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September 22, 2011

 

Danish tourists getting a feel for life in CNY

Group from Denmark touring Cortland County, other areas on trip organized by former mayor

DanishBob Ellis/staff photographer
Danish tourists Flemming Jensen, right, and Bernhard Block, center, visit with an alpaca at Marathon Alpacas off Conrad Road in Marathon.

By STEVE HUGHES
Staff Reporter
shughes@cortlandstandard.net

MARATHON — Many tourists think of New York as full of tall buildings, loud noises, bright lights and taxis.
Over the past week, 21 Danish tourists have gone off the beaten path and taken a tour of rural New York, thanks to two former exchange students.
Former Cortland mayor and city attorney Ron Walsh, organized the tour along with Jens Frode Fogt, a Danish travel agent.
Walsh traveled to Denmark through the Rotary Club’s exchange program in 1975, as a Cortland High School student. Fogt was a foreign exchange student at Marathon High School in 1971. The pair met through a mutual friend and began planning a tour of Cortland County for Danish tourists to show them how average Americans live, Walsh said.
“A lot of them expected tall buildings and cities,” he said. “We’re showing them the stuff you don’t usually see.”
On Wednesday the group stopped at Marathon Alpacas & Fiber Mill in Marathon to tour one of the nation’s largest alpaca farms. The farm, owned by Sam Groome, has over 280 alpacas which it shears for wool every year said Dale Betts, who works in the fiber mill.
“Most farms have about 10 alpacas,” he said. “After this spring’s births, we’re close to 300.”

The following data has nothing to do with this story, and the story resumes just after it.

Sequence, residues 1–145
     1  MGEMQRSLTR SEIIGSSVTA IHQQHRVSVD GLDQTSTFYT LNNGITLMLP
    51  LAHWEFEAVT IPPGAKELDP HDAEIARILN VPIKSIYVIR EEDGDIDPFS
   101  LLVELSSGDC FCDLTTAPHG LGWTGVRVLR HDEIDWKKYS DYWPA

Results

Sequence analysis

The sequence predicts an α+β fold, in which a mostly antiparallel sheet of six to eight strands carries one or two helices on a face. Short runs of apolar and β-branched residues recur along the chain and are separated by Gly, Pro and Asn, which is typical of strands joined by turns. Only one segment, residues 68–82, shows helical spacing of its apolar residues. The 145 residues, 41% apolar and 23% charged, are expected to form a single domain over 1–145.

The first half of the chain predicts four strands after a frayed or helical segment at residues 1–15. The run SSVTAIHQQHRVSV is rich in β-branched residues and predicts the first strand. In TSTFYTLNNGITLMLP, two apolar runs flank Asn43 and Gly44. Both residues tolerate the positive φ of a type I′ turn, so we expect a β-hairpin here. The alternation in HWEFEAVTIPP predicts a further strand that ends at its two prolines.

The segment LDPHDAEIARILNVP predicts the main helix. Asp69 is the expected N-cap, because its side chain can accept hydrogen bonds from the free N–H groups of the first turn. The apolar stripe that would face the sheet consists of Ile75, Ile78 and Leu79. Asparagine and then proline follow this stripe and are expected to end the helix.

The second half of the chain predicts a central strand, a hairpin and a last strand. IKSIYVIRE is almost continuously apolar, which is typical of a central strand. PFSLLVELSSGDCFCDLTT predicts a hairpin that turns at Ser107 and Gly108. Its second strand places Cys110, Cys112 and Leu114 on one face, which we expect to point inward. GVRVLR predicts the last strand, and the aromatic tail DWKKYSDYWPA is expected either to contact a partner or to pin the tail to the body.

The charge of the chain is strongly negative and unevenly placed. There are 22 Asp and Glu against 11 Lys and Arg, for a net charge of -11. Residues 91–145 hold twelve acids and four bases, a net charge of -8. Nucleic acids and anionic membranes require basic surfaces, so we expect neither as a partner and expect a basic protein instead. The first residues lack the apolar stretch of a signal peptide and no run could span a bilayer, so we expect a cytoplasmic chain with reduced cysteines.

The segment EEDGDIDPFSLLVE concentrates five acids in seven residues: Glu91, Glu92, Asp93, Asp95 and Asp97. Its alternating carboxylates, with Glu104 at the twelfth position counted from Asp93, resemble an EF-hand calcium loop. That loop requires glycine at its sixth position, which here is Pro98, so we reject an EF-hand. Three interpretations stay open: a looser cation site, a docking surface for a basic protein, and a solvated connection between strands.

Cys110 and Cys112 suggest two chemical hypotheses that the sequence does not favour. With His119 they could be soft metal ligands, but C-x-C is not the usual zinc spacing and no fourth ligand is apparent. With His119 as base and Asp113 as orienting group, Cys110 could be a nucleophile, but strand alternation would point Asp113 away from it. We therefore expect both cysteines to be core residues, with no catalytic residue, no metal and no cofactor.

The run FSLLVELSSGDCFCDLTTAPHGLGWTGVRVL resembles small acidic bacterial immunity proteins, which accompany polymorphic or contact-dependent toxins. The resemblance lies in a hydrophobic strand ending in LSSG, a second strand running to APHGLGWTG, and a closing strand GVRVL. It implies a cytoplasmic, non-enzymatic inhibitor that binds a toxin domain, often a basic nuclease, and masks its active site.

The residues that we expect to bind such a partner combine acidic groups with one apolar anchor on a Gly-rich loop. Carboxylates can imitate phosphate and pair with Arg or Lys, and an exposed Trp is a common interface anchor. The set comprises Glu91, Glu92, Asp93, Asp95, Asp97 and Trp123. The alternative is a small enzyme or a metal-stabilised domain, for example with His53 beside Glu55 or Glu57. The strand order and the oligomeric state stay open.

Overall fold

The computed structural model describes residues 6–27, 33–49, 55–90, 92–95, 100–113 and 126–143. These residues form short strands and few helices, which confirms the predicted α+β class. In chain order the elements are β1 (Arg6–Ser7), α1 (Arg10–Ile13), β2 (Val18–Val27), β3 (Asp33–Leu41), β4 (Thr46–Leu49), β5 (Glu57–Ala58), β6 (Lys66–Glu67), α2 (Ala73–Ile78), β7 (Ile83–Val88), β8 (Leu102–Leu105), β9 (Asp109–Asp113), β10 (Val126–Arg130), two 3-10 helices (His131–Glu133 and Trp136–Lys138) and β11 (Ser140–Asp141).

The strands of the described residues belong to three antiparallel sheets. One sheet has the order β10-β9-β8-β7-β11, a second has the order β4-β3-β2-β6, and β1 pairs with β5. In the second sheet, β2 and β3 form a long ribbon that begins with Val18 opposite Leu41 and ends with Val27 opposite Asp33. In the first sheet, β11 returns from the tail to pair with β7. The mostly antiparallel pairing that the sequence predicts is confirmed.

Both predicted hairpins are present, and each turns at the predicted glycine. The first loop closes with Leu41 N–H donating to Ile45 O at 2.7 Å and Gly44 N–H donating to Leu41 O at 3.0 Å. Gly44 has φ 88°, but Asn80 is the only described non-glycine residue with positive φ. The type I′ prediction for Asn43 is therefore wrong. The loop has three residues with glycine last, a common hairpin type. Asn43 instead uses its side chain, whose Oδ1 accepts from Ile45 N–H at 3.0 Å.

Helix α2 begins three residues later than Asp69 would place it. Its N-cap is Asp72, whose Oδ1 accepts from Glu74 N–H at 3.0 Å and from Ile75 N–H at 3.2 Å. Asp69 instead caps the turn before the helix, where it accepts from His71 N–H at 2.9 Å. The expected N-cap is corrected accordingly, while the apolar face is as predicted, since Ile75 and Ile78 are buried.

The farm also sells alpacas for breeding and pets. The wool is sold as knitting material, and is used in clothing, blankets and rugs.
The group took a tour of the city of Cortland on Monday, including the jail, the firehouse and several area restaurants. On Tuesday, they traveled to Penn Yan in Yates County to visit the local Danish Brotherhood and the Danish Sisterhood.
Penn Yan has a large population of people with Danish ancestry, Walsh said.
“They had a great time there,” he said. “They were singing old Danish songs and dancing.”
Fogt’s host mother, Pat Whitehead, came up with the idea of taking the group to the alpaca farm.
The two have stayed in touch over the years and visited each other several times, Whitehead said.
“I even went to his wedding,” she said.
For Hedi Hansen, a weaver from Frederikssund, her first trip to the United States was nothing what she expected.
“It’s all very, very nice,” she said. “I was so surprised by all the big, open country.”

 

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